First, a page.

Usman W. Chohan, Pandemics and Public Value Management (New York & London: Routledge Taylor & Francis Group, 2022).
Reviewed by Shaza Arif
The onset of the COVID-19 Pandemic has transformed the world to a remarkable extent. Its impact will certainly be felt even when it becomes a fading memory. Among the many areas it has impacted, Public Value Management (PVM) is an intriguing case that needs to be analysed in depth through a multidimensional approach. The book ‘Pandemics and Public Value Management’, by Dr Usman W. Chohan, is a recent take on the concerned subject.
In 178 pages, the author draws attention to several aspects of PVM vis-à-vis COVID-19 through the lens of Public Value Theory (PVT). The book comprises six chapters. The introductory chapter provides an overview of public management with a focus on PVT and includes an overview of the book. In Chapter Two, Dr Chohan explores the lives versus livelihood dilemma vis-à-vis the Pandemic. Subsequently, in Chapter Three, he analyses the Pandemic in the context of misinformation in the post-truth era, and its implications on the health sector. The role of the World Health Organisation (WHO) is analysed in Chapter Four. After discussing the challenges confronted by the organisation, Dr Chohan applies the ‘Strategic Triangle’ to assess its limitations in performing optimally. This is followed by vaccine nationalism, discussed in Chapter Five. It highlights concerns about ‘vaccine nationalism’ as a socioeconomic problem. It also compares value preferences and conflicts at the national and international levels by listing cases for and against vaccine nationalism and proposes recommendations for value creation at the global level. This is followed by a comparative analysis of India-Pakistan in managing the Pandemic and thoughtful concluding chapter.
‘Pandemics and Public Value Management’ is an excellent, relevant, and timely contribution to public value literature. It adopts a pragmatic approach in analysing public values from multiple angles to help comprehend critical aspects of a global health crisis which is still part of our daily lives, even if not at the same level. The book not only explores the creation of public value but also studies how it can be weakened to underscore the broader dynamics of public management. While it is true that the subjects tackled in the book have repeatedly been discussed on multiple academic platforms, the book’s core strength is that it reveals underlying reasons in a structured manner to help the reader recognise ‘Why’ certain circumstances occurred the way they did during the Pandemic, and ‘How’ was public value perceived by concerned stakeholders.
The overall structure of the book and each chapter is well-organised. While the concepts listed in the initial chapters are applied in the succeeding parts to offer clearer understanding, the beauty of the book is that every chapter can be read independently to have fresh insights into the specific aspect. Tables and figures are useful and engaging. Concepts such as the Public Value Strategic Triangle (p.130), Triangle of Disvalue (p.66), Multiangle Triangle Approach (p.133), and their application were new for me, but their practical linkages helped in understanding them easily. The data and literature cited vividly demonstrates the research prowess of the author.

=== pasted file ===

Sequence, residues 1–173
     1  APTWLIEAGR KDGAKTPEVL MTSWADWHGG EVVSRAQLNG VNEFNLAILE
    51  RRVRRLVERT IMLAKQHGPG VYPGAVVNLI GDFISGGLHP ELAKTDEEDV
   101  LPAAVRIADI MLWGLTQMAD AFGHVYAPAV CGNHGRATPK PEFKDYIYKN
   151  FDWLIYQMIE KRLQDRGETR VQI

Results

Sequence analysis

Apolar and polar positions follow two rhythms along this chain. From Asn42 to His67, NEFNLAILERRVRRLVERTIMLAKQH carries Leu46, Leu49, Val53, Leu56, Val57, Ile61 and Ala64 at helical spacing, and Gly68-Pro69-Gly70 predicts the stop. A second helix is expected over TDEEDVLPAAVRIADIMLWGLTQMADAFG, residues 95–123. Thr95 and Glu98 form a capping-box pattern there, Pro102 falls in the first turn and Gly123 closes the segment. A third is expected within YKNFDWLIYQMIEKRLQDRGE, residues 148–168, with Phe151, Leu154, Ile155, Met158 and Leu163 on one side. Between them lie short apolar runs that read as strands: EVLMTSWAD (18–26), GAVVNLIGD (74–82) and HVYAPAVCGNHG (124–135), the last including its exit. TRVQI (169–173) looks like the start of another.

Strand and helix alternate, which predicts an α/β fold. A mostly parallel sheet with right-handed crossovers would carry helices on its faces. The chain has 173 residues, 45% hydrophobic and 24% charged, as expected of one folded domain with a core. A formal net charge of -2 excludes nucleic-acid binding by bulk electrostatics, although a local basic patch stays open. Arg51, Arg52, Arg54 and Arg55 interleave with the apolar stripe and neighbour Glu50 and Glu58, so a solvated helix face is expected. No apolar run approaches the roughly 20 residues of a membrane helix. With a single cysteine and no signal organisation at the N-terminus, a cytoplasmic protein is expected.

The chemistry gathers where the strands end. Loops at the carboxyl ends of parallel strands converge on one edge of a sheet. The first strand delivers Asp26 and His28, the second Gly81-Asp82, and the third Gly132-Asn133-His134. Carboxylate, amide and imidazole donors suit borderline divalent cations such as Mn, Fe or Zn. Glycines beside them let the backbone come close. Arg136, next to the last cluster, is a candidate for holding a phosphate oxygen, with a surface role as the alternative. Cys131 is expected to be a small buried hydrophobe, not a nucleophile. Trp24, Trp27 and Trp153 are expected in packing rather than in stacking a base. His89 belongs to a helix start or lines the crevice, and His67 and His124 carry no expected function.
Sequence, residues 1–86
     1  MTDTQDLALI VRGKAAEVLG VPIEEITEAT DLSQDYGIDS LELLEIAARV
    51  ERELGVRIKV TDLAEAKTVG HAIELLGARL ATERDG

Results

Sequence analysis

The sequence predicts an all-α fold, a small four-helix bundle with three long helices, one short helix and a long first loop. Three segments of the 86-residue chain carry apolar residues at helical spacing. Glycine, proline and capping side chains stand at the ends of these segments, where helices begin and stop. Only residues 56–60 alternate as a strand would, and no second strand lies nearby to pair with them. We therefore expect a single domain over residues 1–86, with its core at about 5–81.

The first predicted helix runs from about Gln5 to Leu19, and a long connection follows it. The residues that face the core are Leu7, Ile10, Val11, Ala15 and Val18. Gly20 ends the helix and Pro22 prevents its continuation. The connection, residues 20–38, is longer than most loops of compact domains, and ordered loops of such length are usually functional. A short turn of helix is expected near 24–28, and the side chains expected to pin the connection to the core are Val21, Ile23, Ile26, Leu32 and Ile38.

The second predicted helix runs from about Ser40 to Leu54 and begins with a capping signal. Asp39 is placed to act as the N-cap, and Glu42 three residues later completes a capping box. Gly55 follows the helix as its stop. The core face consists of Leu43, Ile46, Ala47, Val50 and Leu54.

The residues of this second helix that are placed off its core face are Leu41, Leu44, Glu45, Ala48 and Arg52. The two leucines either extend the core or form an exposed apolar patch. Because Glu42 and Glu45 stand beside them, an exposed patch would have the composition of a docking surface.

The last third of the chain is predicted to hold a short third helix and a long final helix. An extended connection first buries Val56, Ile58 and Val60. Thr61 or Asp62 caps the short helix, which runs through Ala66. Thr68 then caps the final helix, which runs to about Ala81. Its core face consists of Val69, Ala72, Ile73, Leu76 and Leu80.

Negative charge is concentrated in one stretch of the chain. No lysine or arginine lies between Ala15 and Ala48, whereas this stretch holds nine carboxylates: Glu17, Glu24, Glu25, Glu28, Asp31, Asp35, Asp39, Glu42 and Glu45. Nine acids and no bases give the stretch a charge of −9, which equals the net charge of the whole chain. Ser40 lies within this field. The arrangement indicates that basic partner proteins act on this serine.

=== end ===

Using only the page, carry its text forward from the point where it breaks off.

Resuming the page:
The contribution of the book in terms of policy-making deserves due appreciation. By comparing the cases of India and Pakistan vis-à-vis management of the pandemic in Chapter Six, Dr Chohan has validated the assertion that it is possible to balance lives and livelihoods, in contrast to choosing one over the other. For me, this section is the book’s most interesting chapter. The findings reveal that the concerned actors of public management can overcome the constraints of operational resources via value co-creation, as evident in Pakistan’s case of effectively managing the Pandemic. It highlights that collaborative and synchronised efforts of politicians, public managers, and civil society can lead to miraculously positive results. Hence, it can serve as a guiding light for policymakers in testing times. In addition, given the pace of the manifestation of the impacts of climate change, one cannot rule out the onset of more pandemics in the future. Hence, it would help concerned stakeholders to draw important lessons to tackle another potential pandemic and be well-prepared to counter threats such as misinformation and vaccine nationalism, both of which played a major role in worsening the pandemic situation, etc. The book should also be credited for identifying the existing constraints faced by the WHO. The pandemic should be a wake-up call for the international community to invest wisely and generously in the international organisation to increase its effectiveness.
The book is definitely worth the time and effort and is highly recommended reading. It would be helpful to policymakers around the world in articulating better policies in disruptive times; and equally important for concerned actors involved in PVM to understand the significance of the impact of their respective roles. It would also be of great use for the students of public management to have a more refined grasp of the various contours of their field.
Shaza Arif is a Research Assistant at the Centre for Aerospace & Security Studies (CASS), Islamabad, Pakistan. She can be reached at firstname.lastname@example.org